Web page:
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MIT School of Humanities, Arts and Social Sciences - Great Ideas Change the World

Catherine Clark receives Mellon Fellowship for 2017-18
 

"Images continue to construct understandings of other places and peoples and, in turn, our own place in the world. Fake news, after all, is often visual news."

— Catherine Clark, Assistant Professor of French Studies




21 April 2017

Catherine Clark, Assistant Professor of French Studies and Class of 1947 Career Development Professor, in the Global Studies and Languages Section, has received a Mellon Fellowship for 2017–2018, from the Institute for Advanced Studies (IAP), in Princeton, New Jersey. The fellowship, given to up to three scholars each year, grants a year membership in the IAP to engage in scholarly research and writing.

Clark's promotion from Assistant Professor to Associate Professor without tenure will be effective July 1, 2017. She will be working on her second book project about the French fascination with the People's Republic of China after 1949.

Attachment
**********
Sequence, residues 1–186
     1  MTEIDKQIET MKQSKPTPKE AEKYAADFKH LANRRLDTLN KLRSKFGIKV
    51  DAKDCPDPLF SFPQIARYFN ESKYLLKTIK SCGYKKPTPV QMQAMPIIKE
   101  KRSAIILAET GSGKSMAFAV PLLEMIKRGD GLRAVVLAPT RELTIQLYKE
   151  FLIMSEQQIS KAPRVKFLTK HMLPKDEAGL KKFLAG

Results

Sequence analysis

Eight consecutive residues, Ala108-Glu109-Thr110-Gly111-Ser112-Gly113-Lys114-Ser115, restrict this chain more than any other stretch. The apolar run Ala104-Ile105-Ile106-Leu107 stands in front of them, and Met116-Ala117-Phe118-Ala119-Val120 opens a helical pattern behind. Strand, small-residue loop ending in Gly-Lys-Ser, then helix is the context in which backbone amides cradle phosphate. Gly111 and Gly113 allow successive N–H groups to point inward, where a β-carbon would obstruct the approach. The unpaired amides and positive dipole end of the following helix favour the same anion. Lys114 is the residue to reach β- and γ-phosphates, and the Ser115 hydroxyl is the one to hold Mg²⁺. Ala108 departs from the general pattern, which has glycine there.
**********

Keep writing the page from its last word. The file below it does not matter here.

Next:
In her first book, Paris and the Cliché of History (forthcoming from Oxford University Press), Clark explored "how photography became a way of accessing the past in archives, illustrated books, exhibitions, and amateur photo contests." Her new project is tentatively titled Seeing Red: France and the People's Republic of China 1949–2005. In this book, Clark expands the scope of her research to examine both film and material culture, as well as new geographic contexts. 

"I am excited to work on the project," says Clark, who is "motivated by how these cultural questions still matter today." According to Clark, the People's Republic of China evokes "both promise and danger in the popular imagination, in France and in the United States." Clark aims to show how "Images continue to construct understandings of other places and peoples and, in turn, our own place in the world. Fake news, after all, is often visual news."

 

Suggested Links

Mellon Fellowships for Assistant Professors

Catherine Clark | Global Studies and Languages

MIT Global Studies & Languages

 

 

 


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Photocredit: Jon Sachs, MIT SHASS Communications